Technically I am in week 41 of the 2YN course. That’s smack dab in the middle of the “writing” section. I am writing. I am writing a novel, I’m just not writing the selkie novel I started the course with. Oops.
April-October Flash Fiction: Uh…
After Celebration my monthly flash fiction goal has gone right out of the window for two big reasons.
I don’t have the time (or skill) to work on multiple projects simultaneously (when dictating and driving).
So here I was, moving along at a good clip with the Selkie novel (using the 2YNovel method), when I realized I was falling behind on my other projects. As long as I have a plan for my commute dictation session I have good output; I can reliably dictate at least twice the words* in the same amount of time compared to typing, even when taking into account the dead air. Nevertheless, I was finding that while dictating on a commute does work for me, I am not (at this time) able to effectively juggle multiple projects. This was evident in the amount of time I was spending wrestling with “simple” 500 word flash fiction stories.
Flash fiction and short fiction are hard.
The techniques from the Flash Fiction course are sound but I’ve learned that I have a difficult time trying to condense any fiction into a tiny space. As the Genie from Aladdin said, “Phenomenal cosmic power! Itty bitty living space.” Plotting the flash fiction was like trying to wrestle a live octopus into a mesh sack– there were arms slithering out everywhere. Eventually I decided that the Flash Fiction was eating into an uncomfortable amount of my actual novel-writing time and I was falling behind. So, I set them aside.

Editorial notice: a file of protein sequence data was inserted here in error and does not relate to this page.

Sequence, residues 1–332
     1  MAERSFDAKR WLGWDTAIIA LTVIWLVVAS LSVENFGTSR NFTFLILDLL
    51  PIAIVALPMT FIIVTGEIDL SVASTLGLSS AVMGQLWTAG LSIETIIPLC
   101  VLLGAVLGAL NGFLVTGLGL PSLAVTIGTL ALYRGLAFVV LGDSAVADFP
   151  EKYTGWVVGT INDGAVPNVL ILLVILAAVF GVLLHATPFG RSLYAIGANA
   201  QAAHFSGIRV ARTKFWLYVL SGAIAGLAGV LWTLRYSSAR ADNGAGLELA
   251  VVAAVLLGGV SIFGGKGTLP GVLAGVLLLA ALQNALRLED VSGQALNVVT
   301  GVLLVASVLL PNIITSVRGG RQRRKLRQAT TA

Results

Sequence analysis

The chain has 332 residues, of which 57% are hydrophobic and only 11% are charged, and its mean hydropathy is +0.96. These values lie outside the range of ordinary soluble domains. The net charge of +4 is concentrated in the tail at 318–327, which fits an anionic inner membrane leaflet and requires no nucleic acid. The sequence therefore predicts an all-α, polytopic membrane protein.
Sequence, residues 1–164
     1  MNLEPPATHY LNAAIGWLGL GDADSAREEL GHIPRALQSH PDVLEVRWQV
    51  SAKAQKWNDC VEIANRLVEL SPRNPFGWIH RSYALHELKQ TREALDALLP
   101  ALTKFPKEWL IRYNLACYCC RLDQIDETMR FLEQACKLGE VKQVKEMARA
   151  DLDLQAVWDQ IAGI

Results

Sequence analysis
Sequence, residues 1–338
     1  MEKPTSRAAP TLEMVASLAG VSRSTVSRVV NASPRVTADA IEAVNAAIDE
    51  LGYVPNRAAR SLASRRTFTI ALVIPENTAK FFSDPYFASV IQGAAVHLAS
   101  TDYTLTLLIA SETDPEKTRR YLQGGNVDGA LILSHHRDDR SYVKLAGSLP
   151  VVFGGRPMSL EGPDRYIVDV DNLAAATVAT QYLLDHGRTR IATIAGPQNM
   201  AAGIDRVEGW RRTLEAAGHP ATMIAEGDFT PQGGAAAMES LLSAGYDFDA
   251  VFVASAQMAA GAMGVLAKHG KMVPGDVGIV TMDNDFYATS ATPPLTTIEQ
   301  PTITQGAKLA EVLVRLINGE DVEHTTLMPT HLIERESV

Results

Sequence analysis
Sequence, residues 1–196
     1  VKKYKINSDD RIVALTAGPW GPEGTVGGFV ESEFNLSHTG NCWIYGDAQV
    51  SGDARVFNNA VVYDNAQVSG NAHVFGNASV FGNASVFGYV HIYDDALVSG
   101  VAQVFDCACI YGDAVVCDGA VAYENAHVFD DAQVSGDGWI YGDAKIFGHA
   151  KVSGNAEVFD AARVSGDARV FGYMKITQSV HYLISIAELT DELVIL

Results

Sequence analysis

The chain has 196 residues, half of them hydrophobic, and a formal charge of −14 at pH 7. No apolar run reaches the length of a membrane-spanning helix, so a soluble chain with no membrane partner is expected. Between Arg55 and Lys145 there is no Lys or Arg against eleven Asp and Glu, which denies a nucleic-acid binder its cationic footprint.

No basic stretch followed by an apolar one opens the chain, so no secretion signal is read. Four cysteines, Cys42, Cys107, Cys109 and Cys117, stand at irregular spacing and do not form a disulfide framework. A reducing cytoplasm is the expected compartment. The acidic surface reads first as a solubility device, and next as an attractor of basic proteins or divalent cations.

The Short Story, SNAFU, is another matter. Since I am actually writing it as a prologue for an RPG I’ll be participating in later this year and it’s important for me to get that done. But it was also eating into my novel time. So, I decided to crank out the short story just to get it out of the way so I could focus fully on the novel.
Yeah. I was just going to “crank” that one out. Piece of cake. It was only 10k words. I would whip up an outline and if I could dictate 1000 words of prose each work-day I’d be done in two weeks. I could be done faster if I used both morning and afternoon sessions.
Even though I have a degree in English literature and have written a ton of research and analysis papers, outlining has never been my strong suit. I need the practice because I logically know that fixing a broken story in outline form is a lot easier than fixing a broken, complete story. So I wrestled with that outline and used it to practice a variety of outlining and plotting techniques I have in my writer’s toolkit.
Trying to apply novel plotting techniques to flash or short fiction results in novels.
By the time I started writing SNAFU, I was a month behind in the writing phase of the 2YN course and hadn’t even started outlining the Selkie novel. It wasn’t long before I realized that, instead of a 10k word short story, I was looking at what might be a 50k word novella but is more likely a 90k word novel.
At least I’m not trying to stuff an octopus in a sack anymore, I suppose.
If I’m not writing the selkie novel, then what does my progress look like?
*Twice the content. The words might be crappy, but I find it’s worth the tradeoff. I can turn a bunch of awkward simple sentences into a couple great sentences easier and faster than I can craft a great sentence on the fly.